As someone who has been involved in so many different pathways, Andy has finally found his home with Fears Chella. ‘I’m never not going to be a musician but I’ve finally found my creative self now and it’s because I’m with my best friends. If you’re with your mates, you don’t even care if people don’t dig it because you love it. Ultimately 99% of bands aren’t going to make it, so if you’re not enjoying it, what’s the point? Too many people are out there faking it, trying to replicate other bands and not getting on with each other. Yeah you can take it as a business if you want, but if you don’t enjoy it then it won’t last. Touring is hard, recording is hard, if you spend all your time on the road with people you don’t get on with, you’re being dishonest to yourself. None of us are going to make much money from this so you might as well just have a laugh. I’ve seen bands like Wolf Alice, Peace and Swim Deep live, they’re clearly such good mates. You can see their friendship on stage. There’s something really special about that.’
This Saturday evening we will all have the pleasure of witnessing the friendships of Andy, Tom, Chris and Ben on The Sugarmill stage when they will play their first local gig. ‘It’s going to be a wicked show, literally everyone I know is going because it’s our first gig here and The Sugarmill is great. It’s a proper hub for local music, it inspires people to join bands.’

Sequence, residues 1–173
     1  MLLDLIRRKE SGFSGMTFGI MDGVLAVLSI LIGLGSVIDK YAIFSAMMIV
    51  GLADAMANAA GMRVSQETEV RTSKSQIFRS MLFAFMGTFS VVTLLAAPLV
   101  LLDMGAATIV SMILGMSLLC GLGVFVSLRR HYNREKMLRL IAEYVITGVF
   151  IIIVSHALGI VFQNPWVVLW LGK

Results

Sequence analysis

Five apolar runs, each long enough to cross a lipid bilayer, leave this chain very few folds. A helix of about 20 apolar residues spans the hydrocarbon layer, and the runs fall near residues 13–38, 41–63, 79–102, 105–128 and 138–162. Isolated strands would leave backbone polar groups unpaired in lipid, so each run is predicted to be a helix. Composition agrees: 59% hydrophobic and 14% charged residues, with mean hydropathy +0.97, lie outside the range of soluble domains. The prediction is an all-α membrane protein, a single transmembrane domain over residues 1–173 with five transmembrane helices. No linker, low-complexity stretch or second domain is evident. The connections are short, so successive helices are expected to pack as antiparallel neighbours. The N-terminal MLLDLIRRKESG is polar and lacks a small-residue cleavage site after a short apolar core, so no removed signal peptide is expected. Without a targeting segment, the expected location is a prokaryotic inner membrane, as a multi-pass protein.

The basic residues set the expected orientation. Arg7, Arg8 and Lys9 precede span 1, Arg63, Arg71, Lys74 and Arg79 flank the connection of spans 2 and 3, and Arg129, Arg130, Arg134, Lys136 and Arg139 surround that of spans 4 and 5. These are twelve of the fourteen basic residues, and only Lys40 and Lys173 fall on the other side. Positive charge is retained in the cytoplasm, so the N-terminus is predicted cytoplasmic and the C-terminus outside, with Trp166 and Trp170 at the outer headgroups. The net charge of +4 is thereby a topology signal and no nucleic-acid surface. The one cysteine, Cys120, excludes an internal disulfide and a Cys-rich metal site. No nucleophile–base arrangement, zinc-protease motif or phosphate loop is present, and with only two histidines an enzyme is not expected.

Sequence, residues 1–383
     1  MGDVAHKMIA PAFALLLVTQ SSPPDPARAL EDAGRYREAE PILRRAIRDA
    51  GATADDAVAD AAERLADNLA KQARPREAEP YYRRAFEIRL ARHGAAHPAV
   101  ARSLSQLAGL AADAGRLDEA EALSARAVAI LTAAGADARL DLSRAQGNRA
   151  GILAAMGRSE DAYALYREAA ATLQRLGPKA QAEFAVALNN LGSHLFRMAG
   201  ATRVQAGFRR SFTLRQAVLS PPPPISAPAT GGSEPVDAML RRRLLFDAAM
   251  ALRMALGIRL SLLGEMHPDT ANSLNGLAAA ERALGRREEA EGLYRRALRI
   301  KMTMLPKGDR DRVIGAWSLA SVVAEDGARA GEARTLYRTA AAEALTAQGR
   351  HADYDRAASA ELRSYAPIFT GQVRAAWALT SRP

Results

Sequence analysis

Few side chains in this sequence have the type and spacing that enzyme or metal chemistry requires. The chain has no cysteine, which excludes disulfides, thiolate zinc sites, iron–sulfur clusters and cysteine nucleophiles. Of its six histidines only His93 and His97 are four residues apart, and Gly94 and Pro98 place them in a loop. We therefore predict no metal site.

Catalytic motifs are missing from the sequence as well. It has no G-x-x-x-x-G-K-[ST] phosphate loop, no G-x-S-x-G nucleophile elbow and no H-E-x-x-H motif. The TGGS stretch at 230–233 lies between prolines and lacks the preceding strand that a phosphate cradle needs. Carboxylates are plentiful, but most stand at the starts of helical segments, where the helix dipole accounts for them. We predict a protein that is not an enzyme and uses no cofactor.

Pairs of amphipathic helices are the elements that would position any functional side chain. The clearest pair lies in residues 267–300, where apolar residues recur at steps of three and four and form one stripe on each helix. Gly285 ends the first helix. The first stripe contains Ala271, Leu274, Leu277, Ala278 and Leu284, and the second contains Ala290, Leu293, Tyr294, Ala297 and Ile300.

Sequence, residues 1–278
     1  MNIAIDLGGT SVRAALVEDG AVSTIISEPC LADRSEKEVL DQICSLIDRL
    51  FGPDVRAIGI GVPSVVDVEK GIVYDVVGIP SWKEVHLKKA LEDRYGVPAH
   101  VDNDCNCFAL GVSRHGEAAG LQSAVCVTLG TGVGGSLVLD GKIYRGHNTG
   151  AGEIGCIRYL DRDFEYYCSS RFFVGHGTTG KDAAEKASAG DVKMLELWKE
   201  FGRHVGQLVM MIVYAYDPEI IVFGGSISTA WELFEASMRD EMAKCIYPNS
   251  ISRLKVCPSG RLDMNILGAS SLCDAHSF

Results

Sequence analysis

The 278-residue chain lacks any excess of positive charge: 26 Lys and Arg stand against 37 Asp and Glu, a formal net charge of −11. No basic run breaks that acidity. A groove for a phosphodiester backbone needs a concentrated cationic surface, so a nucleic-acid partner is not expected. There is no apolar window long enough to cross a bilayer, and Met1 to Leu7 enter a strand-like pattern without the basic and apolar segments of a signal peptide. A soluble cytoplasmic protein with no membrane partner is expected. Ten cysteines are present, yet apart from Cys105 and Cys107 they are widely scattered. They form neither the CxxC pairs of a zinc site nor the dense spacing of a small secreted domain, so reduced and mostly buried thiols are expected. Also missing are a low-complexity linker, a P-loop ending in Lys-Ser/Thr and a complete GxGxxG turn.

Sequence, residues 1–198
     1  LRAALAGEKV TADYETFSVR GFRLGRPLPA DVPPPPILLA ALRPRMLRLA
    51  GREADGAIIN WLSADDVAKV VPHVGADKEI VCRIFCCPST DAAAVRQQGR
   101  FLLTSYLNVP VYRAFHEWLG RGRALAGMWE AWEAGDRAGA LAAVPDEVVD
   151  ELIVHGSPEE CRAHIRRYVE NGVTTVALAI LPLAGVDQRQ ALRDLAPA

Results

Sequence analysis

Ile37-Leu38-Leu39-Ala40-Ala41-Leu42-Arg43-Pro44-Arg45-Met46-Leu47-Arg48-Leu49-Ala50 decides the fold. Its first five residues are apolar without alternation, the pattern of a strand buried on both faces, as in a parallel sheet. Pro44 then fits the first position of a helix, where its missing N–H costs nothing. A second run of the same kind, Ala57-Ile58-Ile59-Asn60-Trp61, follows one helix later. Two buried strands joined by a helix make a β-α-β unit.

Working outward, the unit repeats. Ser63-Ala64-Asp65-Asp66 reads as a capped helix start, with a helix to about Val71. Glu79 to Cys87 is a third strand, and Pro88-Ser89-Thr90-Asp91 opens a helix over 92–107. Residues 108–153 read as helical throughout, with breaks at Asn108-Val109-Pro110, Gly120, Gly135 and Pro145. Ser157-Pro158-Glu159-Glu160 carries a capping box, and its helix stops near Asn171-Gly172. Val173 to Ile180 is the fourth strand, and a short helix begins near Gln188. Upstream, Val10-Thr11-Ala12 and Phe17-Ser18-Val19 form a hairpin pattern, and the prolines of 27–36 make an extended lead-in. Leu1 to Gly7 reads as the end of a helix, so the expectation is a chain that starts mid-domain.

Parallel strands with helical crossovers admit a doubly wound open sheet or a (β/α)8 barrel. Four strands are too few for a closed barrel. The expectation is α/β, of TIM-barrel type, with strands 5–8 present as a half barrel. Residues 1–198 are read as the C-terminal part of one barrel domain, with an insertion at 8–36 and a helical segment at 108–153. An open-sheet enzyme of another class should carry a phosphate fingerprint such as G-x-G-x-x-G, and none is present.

Playing in Stoke is exciting not only because it is Andy’s hometown, but also because the scene is finer than ever before. ‘I think the Stoke scene is in a really good place, we practice at Riff Factory (an unhealthy amount) and I always walk past other bands and listen in like whoa, who are they? Then you guys are so good at REBEL, and then there's The Exchange and The Sugarmill. Nic [Andrews] and Danni [Brownsill] were the first people I went to with demos for Fears Chella. It just takes a few people in every scene…it’s the same with Manchester, which is a stand out city with so many amazing venues, but its only down to a few guys who are booking the shows…Manchester breeds success, it makes people want to join the scene and go and see local music and join bands. There’s thousands of bands in Manchester because the scene spawns them, people go and see bands and go pwhoarrr I want to do that. And we can have that.’
With bands like Fears Chellas, we certainly can.
You can catch Fears Chella live tonight at The Sugarmill where they will support Broken Flags, and The Sugarmill’s own Nic Andrews will perform an acoustic set.